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William Godwin: his Friends and Contemporaries
Ch. XI. 1798
John Arnot to William Godwin, 10 August 1798

Contents Vol. I
Ch. I. 1756-1785
Ch. II. 1785-1788
Ch. III. 1788-1792
Ch. IV. 1793
Ch. V. 1783-1794
Ch. VI. 1794-1796
Ch. VII. 1759-1791
Ch. VII. 1791-1796
Ch. IX. 1797
Ch. X. 1797
Ch. XI. 1798
Ch. XII. 1799
Ch. XIII. 1800
Contents Vol. II
Ch. I. 1800
Ch. II. 1800
Ch. III. 1800
Ch. IV. 1801-1803
Ch. V. 1802-1803
Ch. VI. 1804-1806
Ch. VII. 1806-1811
Ch. VIII. 1811-1814
Ch. IX. 1812-1819
Ch. X. 1819-1824
Ch. XI. 1824-1832
Ch. XII. 1832-1836
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Produced by CATH
Petersburg, 10 August 1798, New Style.

Dear Sir,—I shall leave this place to-morrow. I am so happy that I have got my passport! And I assure you that it was no easy matter. It has detained me here for three weeks, living at no little expense, in the British tavern. . . .

“I arrived at Cronstadt after a tedious and very disagreeable passage of 30 days, and in 5 days more got my passport to Petersburg. It was rather odd that I should have pitched upon the worst ship in every respect, perhaps, of the whole fleet; my patience was tried more ways than one. I don’t think Job himself had more patience when he was my age.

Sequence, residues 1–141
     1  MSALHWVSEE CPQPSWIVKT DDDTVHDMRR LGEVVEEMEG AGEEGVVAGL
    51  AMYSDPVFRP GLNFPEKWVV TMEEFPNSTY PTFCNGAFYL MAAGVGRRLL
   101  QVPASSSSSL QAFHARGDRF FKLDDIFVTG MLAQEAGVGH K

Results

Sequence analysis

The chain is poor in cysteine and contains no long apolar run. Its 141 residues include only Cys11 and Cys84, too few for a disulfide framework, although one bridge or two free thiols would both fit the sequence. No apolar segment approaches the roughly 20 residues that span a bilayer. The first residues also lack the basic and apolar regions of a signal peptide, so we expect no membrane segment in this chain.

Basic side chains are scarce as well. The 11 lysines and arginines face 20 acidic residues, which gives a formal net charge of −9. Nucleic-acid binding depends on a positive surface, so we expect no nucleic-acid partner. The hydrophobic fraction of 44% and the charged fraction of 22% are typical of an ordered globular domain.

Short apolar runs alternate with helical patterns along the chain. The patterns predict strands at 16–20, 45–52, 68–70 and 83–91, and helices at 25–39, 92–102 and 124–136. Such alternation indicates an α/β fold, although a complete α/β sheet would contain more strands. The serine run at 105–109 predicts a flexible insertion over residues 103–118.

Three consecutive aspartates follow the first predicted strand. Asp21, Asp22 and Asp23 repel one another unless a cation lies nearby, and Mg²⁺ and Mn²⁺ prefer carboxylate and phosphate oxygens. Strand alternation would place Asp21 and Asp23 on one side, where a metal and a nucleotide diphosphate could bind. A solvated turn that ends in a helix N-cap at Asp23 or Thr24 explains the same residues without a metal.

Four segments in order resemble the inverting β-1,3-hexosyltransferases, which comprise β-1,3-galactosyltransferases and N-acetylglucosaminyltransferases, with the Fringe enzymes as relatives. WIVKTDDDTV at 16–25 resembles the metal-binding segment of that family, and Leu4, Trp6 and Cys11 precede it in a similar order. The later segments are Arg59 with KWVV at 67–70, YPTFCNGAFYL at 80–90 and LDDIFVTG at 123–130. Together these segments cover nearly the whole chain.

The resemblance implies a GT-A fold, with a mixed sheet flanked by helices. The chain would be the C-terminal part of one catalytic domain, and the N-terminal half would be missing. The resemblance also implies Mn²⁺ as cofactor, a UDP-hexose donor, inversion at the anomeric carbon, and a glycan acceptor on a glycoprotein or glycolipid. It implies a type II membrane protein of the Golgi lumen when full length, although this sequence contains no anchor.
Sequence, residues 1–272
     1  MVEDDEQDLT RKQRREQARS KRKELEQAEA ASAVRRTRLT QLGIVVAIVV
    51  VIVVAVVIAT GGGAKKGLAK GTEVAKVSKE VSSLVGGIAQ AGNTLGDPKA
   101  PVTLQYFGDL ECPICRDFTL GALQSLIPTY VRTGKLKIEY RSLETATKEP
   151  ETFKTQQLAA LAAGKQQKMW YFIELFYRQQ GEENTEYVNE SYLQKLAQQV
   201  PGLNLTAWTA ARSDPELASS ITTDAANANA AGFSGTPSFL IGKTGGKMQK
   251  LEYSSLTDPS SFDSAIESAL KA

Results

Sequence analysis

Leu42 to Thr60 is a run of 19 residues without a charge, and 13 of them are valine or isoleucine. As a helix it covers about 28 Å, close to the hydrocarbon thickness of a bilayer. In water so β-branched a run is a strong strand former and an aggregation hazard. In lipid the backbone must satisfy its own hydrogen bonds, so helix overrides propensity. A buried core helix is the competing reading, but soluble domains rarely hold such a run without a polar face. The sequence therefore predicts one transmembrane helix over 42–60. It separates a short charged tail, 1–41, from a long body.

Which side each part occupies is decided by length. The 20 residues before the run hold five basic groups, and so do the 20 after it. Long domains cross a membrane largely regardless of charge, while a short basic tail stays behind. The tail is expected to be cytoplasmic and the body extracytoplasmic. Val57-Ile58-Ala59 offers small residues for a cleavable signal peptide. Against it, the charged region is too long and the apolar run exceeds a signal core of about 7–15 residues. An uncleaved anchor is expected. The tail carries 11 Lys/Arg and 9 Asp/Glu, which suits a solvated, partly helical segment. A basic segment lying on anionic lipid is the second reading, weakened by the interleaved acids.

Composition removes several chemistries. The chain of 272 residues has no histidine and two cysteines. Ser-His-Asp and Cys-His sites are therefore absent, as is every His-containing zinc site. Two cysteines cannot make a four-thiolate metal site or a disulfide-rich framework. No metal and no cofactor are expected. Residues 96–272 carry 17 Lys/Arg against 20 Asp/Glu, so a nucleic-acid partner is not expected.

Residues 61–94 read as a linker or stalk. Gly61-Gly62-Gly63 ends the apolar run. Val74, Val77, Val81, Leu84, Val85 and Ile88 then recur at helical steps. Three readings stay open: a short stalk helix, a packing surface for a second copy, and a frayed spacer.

“I declare I am afraid to write any more. I am writing to Godwin just as if I was writing to my good friend Peter Reid, scribble, scribble, scribble, I have fifty thousand things to say, and don’t know which to say first. I dare say my pen has run mad. If I were beside you, you would think my tongue were mad. . . .

“I intend to walk to Riga, and from Riga to Vienna. Indeed, I am determined to be at Vienna this winter, that is, if nothing happens to me by the way, which you know is possible. ‘Walk to Riga!! The poor lad has lost his wits. Do you know what you are doing? Such weather, such roads, such a country, and such a people. You may as well think of walking to the moon.’ But I’ll walk it for all that. ’Tis nothing at all.


“I don’t think I am half so courageous as when I left Scotland. I believe I could have taken a bear by the ear as coolly as you could take your dinner. But now that I have the prospect of being happy when I return—am I not happy already, at least at this moment?—I begin to think I am worth the taking care of, and therefore I am determined to take care of myself, and never to meddle with a bear unless the bear meddles with me, and to be wondrous civil to the boors and the booresses. . . .

“I have been obliged to lighten my parcel very much. I gave away ‘Tristram Shandy’ about five weeks ago, and my two flutes. I have laid aside all my pistol bullets, except about 20, and am thinking to throw away the only shirt and pair of stockings I have to spare. . . .—I am, with great esteem, yours, &c.

John Arnot.

“I keep no journal on my way to Vienna. I dare not”